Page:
What’s Underneath the Surface

Mbot: Blast off!

What’s underneath the surface?

One morning in May, I entered the bathroom to find both Gbot and Mbot standing together on the footstool. Gbot held a tube of some overexpensive, undereffective face cream and was nanoseconds away from squeezing. “Gbot,” I warned, “If you squirt that out, then I’ll look like an ugly old hag.”

Mbot looked up from the nail clippers he was attempting to use. “Why will you look like an ugly old hag?” he asked. “Because that’s what you really are?”

I think the babysitter had been reading them old-fashioned fairytales, in whose archetypal plots lurked witches disguised as beautiful maidens.

No, I told them. I’m gorgeous inside, but my skin is getting wrinkly, so the contents of the tube will keep me as lovely on the outside as I am on the inside.

That was at the end of May. The next week, I received a letter in the mail. I was being called back for a follow-up mammogram. “Heterogeneous tissue in the left breast,” read the letter. Do not be alarmed. Only four out of every thousand mammograms detect something bad. Two days later, I was staring at a black-and-white image of my left breast, magnified by four hundred percent, and Dr. Green, a radiologist, was pointing out a cluster of white specks that she called “calcifications.”

The next day, I was lying face-down on a biopsy table while twelve miniscule tissue samples were suctioned out for further study. Beyond the translucent shades of the corner room, the sun glanced off car roofs two stories down as they navigated the parking lot. Inside my own story, it was very quiet. I felt within those beige walls like part of an elaborate pop-up book, a parallel universe whose covers were these walls. Afterward, I smiled at the staff, because it was polite, but no one smiled back.

The next day, a woman’s brisk voice on the phone announced that she would put Dr. Green on the line to explain the biopsy results.

She used words I had never heard before, and other words I had heard before but not in the context of my life. “Ductal Carcinoma In Situ, Grade 3.” “Abnormal cells in the lining of the milk duct.” “Lumpectomy.” “Radiation.” “Hormone therapy.” “Tamoxifen.” And these, which I clung to: “Early detection.” “Not life-threatening.”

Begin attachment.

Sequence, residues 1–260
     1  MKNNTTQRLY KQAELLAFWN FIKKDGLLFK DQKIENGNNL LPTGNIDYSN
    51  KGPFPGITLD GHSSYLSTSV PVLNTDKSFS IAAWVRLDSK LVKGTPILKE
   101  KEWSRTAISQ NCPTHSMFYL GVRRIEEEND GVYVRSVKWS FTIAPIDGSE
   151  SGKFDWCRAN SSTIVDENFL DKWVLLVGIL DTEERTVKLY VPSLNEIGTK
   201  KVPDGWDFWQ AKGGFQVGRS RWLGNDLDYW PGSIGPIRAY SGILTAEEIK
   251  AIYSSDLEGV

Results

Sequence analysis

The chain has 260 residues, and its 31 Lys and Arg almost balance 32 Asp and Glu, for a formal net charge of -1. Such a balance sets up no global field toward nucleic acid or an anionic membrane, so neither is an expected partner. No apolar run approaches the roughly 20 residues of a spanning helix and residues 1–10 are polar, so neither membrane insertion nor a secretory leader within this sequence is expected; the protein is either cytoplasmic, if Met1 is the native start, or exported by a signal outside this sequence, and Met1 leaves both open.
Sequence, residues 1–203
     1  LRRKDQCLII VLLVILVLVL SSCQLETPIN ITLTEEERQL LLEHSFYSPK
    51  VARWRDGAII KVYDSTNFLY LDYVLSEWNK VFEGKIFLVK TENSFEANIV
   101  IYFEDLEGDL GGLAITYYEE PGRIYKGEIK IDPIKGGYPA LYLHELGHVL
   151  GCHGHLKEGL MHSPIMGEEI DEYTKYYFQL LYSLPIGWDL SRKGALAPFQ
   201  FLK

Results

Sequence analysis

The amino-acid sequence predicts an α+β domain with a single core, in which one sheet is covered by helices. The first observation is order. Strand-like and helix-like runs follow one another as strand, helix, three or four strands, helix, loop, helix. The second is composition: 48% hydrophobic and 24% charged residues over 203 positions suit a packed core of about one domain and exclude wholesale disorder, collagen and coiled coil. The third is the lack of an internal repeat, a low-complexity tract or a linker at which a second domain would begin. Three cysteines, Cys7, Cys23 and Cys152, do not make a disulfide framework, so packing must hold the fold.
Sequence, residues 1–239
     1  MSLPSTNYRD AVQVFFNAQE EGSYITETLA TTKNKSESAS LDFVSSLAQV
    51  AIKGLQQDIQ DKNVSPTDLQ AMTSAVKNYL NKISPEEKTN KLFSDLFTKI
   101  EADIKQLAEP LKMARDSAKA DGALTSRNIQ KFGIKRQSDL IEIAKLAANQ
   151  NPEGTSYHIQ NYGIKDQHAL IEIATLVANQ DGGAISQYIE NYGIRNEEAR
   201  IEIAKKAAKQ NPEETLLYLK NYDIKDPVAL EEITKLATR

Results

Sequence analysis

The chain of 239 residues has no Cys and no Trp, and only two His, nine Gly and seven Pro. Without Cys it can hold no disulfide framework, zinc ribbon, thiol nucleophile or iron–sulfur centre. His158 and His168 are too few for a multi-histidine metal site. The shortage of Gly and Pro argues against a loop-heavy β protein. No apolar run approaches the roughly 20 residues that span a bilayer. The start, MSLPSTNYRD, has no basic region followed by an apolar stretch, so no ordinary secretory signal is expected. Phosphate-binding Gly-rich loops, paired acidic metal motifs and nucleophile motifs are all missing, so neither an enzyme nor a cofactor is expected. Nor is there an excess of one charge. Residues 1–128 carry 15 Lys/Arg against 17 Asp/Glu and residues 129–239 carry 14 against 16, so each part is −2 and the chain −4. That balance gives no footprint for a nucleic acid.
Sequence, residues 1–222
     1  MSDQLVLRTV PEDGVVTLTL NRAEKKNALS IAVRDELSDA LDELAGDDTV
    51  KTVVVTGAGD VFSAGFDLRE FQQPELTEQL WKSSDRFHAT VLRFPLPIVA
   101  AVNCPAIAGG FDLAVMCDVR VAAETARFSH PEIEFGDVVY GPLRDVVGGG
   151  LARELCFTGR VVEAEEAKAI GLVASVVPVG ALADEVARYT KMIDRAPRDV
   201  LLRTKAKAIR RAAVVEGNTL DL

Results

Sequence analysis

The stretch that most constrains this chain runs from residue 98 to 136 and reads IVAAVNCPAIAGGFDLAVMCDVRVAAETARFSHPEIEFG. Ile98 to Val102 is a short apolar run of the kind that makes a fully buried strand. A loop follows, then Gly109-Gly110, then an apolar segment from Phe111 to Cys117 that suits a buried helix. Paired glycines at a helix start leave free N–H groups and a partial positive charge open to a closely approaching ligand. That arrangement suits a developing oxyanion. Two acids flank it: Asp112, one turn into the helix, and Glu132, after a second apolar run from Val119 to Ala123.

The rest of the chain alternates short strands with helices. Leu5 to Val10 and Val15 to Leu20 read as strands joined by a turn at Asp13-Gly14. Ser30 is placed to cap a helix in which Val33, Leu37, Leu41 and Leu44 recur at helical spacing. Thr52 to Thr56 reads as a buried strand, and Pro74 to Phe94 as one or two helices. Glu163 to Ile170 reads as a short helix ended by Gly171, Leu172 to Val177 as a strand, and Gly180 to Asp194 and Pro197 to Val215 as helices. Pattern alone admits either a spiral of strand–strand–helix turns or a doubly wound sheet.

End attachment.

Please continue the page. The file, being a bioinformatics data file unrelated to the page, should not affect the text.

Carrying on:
The rational part of my mind was not worried. I was grateful. During daylight hours, I packed lunches for summer day camp, swam with bots, made dinner, read Harry Potter, went to the Children’s Museum, oversaw time-outs.

The other parts of my mind were not so cooperative, especially at night. I began writing my dreams down in Haiku. Pressing the labyrinthine plots into the three brief lines of a poetic form I’d learned in childhood allowed me to, literally, synthesize my fears, understand them, and begin to assimilate them.

Dream #1

Hung over, wine glass

shards glinting, last night’s chicken

still out, breast sliced white.

Three days later, I celebrated my forty-sixth birthday by meeting with my OB/GYN. This sort of thing–early detection–probably noninvasive Stage 0 calcifications–is what gives breast cancer a good name, she told me. You’ll be fine. The chances of your dying from this are less than getting hit by a bus.

I drove home looking sideways at buses.

Quite unexpectedly, I found I had acquired a team: a breast surgeon, a medical oncologist, and a radiation oncologist. Every time I succeeded in forgetting about the disease I had, but could not see or feel, someone would call wanting me to make an appointment or register or preregister: for appointments. For a chest X-ray. For a radioactive seed localization implant. In spite of good medical insurance, everyone wants my credit card. I am earning air miles. I have a complimentary tote bag, heavy with literature and complimentary DVDs for cancer survivors. I have a new label.

Dream #2

I’ve promised to bring

the Angry Bird costumes but

they’ve all been rented.

Less than three weeks after the initial diagnosis, I was in surgery.